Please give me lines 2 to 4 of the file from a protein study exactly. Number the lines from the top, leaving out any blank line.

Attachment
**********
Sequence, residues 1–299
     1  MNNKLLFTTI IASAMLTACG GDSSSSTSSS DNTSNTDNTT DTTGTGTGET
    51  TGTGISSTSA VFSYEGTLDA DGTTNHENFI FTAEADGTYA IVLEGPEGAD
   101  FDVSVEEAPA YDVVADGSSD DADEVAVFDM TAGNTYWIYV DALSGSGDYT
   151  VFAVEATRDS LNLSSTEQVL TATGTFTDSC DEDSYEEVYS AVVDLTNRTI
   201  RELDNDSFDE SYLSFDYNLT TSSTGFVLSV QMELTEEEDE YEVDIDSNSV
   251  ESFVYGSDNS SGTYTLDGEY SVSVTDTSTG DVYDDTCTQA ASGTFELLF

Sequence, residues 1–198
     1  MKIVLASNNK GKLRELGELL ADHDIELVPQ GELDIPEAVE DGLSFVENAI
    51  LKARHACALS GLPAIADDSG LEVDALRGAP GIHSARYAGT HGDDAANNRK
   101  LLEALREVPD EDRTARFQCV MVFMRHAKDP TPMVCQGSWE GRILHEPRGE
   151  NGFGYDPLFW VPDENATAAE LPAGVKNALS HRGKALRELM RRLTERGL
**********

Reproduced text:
     1  MNNKLLFTTI IASAMLTACG GDSSSSTSSS DNTSNTDNTT DTTGTGTGET
    51  TGTGISSTSA VFSYEGTLDA DGTTNHENFI FTAEADGTYA IVLEGPEGAD
   101  FDVSVEEAPA YDVVADGSSD DADEVAVFDM TAGNTYWIYV DALSGSGDYT